When reviewing the Jennings and Entine (1998) model of eight questions, Fannie Mae cannot be labeled as an honest company. Fannie Mae refers to the Federal National Mortgage Association (FNMA) which is enterprise sponsored by the United States federal government to grow the stream of mortgage money by forming a secondary mortgage market. Though formed in 1938 during the latter part of the Great Depression, from 1968 to the present, it has been a publicly traded company operating under a congressional charter. Congress directs Fannie Mae to channel its efforts into increasing the availability and affordability of home-ownership for low-, moderate- and middle-income Americans (Investopedia, n.d.).
The firm has not consistently complied with the law, as evidenced by its breach of the securities exchange commission (SEC) rules in their accounting practices, whereby they were dishonest in their practices in an attempt to increase returns. The firm lacked sufficient capital and had incompetent internal controls, and thus ended paying fines worth $125 million (Jennings, 2011). The firm lacks a sense of propriety because the employees used unethical means to earn bonuses and other incentives.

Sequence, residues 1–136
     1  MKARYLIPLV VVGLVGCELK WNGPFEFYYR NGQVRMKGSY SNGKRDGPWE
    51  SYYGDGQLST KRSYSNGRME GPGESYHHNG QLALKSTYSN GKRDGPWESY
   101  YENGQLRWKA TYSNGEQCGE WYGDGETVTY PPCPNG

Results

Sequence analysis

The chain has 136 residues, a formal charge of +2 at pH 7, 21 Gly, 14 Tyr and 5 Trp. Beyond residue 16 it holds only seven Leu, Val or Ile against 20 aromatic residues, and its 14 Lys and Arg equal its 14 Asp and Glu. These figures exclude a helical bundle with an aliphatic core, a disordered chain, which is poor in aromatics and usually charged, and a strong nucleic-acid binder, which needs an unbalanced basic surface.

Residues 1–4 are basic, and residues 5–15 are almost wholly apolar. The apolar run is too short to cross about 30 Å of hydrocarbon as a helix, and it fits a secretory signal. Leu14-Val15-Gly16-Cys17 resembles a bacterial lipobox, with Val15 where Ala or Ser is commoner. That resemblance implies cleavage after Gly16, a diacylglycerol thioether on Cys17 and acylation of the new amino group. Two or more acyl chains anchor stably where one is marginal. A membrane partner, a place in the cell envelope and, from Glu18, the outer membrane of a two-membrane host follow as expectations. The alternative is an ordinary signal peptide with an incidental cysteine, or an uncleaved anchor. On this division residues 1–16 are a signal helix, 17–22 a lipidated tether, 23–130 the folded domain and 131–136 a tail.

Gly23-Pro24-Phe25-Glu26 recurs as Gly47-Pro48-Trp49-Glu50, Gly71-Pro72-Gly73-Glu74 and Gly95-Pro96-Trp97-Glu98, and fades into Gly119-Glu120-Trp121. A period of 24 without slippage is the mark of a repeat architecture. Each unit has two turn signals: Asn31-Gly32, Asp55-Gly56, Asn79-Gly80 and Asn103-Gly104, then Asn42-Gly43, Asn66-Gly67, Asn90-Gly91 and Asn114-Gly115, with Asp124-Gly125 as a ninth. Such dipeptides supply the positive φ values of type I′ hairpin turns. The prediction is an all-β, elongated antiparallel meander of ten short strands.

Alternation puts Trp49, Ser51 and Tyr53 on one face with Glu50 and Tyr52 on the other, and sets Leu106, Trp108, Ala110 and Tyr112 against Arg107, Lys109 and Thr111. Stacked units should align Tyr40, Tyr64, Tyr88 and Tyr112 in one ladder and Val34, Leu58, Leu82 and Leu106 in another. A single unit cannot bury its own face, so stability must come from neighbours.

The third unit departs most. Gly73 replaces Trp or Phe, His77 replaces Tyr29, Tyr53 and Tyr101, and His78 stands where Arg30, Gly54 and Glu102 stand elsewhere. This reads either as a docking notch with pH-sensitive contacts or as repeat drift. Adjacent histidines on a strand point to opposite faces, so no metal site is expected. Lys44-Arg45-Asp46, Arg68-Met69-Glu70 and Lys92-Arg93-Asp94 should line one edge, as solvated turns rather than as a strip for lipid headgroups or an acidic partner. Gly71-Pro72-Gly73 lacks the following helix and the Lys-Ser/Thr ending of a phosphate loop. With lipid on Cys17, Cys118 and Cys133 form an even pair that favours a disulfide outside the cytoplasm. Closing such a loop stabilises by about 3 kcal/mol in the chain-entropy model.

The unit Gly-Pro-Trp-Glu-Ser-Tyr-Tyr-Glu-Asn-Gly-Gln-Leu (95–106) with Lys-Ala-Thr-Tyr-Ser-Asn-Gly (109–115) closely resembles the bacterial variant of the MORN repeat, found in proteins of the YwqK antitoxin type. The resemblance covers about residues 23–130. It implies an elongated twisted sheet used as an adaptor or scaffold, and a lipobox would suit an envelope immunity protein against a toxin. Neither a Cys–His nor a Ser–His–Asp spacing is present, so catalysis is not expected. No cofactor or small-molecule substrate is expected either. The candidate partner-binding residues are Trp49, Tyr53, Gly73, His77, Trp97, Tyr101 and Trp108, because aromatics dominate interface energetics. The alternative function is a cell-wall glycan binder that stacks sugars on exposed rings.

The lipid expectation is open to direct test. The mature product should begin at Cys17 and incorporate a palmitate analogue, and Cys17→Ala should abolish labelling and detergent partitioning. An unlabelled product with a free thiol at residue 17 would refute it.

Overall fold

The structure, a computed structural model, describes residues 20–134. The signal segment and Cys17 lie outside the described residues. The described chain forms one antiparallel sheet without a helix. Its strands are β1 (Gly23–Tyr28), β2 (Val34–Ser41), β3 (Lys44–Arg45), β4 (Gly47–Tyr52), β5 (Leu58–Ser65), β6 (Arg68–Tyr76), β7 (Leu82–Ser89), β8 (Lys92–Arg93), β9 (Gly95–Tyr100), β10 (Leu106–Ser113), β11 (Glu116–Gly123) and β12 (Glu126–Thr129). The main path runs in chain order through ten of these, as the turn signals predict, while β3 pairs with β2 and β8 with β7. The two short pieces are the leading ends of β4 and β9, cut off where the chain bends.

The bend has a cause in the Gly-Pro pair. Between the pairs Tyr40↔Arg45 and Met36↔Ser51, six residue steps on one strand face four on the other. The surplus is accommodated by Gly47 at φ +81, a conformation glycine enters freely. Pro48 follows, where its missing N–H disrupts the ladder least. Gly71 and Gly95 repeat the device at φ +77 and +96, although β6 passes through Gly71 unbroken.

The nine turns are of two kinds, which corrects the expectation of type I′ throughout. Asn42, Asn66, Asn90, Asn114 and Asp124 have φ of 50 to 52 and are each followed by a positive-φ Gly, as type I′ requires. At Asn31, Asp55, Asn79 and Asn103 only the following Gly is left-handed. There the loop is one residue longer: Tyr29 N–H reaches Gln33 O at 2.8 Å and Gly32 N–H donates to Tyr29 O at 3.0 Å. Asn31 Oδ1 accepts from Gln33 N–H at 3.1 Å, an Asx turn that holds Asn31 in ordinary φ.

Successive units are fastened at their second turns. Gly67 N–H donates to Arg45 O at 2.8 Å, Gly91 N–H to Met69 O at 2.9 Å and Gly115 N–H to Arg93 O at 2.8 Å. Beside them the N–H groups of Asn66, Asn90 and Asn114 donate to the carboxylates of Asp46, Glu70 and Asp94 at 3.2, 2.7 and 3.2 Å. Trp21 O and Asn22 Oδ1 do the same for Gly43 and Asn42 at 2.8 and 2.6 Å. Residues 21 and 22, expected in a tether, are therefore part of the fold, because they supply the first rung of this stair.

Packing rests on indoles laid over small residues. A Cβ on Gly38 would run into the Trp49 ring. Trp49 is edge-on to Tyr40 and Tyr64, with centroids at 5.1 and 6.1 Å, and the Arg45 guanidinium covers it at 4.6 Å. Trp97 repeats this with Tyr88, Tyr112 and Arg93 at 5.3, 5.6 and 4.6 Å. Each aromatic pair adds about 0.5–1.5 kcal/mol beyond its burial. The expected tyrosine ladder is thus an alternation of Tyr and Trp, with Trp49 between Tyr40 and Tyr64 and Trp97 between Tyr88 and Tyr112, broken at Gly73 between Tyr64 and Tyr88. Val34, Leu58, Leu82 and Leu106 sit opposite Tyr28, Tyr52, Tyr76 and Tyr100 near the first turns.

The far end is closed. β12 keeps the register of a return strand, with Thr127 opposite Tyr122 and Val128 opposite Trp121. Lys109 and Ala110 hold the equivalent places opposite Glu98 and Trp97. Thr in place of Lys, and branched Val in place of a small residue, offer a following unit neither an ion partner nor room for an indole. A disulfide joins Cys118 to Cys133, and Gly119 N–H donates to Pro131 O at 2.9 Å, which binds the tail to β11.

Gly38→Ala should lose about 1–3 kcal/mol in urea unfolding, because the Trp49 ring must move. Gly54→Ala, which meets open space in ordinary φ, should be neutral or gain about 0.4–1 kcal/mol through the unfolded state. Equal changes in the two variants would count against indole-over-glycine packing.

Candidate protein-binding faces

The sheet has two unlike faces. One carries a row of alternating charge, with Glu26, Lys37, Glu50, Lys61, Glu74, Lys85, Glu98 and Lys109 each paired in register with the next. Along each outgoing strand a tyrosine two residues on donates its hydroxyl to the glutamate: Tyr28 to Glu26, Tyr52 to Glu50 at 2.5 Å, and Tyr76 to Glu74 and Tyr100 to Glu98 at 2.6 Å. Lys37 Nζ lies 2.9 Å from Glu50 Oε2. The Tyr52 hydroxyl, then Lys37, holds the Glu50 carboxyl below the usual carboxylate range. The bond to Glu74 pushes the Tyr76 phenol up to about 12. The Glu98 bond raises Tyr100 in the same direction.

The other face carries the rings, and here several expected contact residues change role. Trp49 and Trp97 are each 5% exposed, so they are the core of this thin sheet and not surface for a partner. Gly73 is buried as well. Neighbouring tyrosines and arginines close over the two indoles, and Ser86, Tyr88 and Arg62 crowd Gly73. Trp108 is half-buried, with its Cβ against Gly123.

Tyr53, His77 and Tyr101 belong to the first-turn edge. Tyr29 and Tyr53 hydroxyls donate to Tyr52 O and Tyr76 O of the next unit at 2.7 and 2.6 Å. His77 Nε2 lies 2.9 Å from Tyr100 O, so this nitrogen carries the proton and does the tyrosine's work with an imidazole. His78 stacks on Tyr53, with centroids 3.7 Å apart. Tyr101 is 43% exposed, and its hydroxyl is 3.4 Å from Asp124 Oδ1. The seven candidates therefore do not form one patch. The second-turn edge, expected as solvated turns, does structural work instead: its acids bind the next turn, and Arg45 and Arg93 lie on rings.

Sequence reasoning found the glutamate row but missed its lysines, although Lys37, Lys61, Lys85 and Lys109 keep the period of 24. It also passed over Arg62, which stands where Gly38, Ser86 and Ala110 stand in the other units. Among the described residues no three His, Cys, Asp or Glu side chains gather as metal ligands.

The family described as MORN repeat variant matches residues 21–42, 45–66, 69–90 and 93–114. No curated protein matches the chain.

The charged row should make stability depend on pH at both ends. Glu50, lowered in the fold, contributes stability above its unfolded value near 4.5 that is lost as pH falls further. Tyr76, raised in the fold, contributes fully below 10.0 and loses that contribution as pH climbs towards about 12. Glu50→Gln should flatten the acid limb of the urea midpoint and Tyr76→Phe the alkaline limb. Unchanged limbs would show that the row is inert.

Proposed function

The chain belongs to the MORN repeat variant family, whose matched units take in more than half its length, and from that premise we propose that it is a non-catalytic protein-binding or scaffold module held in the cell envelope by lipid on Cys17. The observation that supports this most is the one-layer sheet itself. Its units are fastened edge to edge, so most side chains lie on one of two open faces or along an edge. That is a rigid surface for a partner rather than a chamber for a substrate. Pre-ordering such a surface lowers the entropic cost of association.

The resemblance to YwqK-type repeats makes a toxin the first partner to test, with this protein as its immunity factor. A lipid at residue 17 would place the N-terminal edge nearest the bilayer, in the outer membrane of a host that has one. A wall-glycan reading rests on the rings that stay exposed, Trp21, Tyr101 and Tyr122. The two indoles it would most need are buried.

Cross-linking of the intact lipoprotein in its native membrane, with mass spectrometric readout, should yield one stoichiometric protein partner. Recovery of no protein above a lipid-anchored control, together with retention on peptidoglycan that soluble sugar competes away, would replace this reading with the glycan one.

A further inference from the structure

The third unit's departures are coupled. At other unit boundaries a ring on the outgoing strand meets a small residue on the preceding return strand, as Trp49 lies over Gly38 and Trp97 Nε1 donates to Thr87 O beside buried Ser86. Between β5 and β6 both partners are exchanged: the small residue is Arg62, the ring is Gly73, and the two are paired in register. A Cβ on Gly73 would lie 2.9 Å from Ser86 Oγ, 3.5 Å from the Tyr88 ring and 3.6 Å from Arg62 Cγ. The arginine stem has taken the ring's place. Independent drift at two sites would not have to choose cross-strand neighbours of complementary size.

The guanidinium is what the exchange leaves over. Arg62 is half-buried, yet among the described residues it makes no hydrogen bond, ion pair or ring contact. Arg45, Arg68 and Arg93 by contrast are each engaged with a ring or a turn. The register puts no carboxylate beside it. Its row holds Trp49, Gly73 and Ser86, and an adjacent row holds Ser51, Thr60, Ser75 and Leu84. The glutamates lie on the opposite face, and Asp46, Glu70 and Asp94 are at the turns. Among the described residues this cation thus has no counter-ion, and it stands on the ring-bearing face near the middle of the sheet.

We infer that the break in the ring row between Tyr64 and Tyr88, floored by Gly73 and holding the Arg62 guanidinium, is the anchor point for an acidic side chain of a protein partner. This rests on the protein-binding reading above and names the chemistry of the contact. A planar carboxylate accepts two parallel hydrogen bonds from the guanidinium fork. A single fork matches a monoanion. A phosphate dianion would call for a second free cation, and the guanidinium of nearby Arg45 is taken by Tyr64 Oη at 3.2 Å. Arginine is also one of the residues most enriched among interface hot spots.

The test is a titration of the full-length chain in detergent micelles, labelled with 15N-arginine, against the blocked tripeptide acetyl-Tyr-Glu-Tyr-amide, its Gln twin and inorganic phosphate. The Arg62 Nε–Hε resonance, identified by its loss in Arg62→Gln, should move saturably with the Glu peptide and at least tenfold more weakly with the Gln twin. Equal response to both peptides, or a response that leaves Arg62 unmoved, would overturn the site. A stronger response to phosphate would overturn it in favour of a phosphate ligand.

The product claims did not meet the reality, due to the existence of incompetent internal controls. Although the incentives criteria were based on earnings per share capital, in efforts to earn this incentive payout, Fannie Mae had to double the earnings per share capital. In efforts to conceal the unscrupulous deals, the information was not forthcoming as the leaders informed did not share the information with others, even though some employees asked about the credibility of the accounts. The firm’s employees were treated unethically by the top management disregarding facts of impropriety presented to them by other employees.
Based on the fact that the firm was very unethical, it did not care about the third parties either. They were never shown any true respect because they were being used by the top management for its own gain. The firm cannot be claimed to be sufficiently charitable because it used offerings to charities to some members of the congress in order to win favors, and the top management was offered various incentives in return. Upon negative disclosures being made public, the CEO denied their acknowledgment rather than taking responsibility. And again, whistle blowers about the accounting malpractices were ignored. For all these reasons and more, Fannie Mae definitely lacks the requirements of what can be considered an honest company. Therefore, the answer to whether Fannie Mae is an honest company is a resounding – No.
Fannie Mae. (n.d.). In Investopedia. Retrieved from http://www.investopedia.com/terms/f/fanniemae.asp
Jennings, M. M. (2011). Business ethics: Case studies and selected readings. (Seventh Edition). Mason, OH: South-Western Cengage Learning.
Jennings, M., & Entine, J. (1998). Business with a soul: A Reexamination of what counts in business ethics. Hamline Journal Of Public Law & Policy, 20(1), 1-88
James E. Burroughs, Jr., MBA, Northcentral University, (480) 748-9534.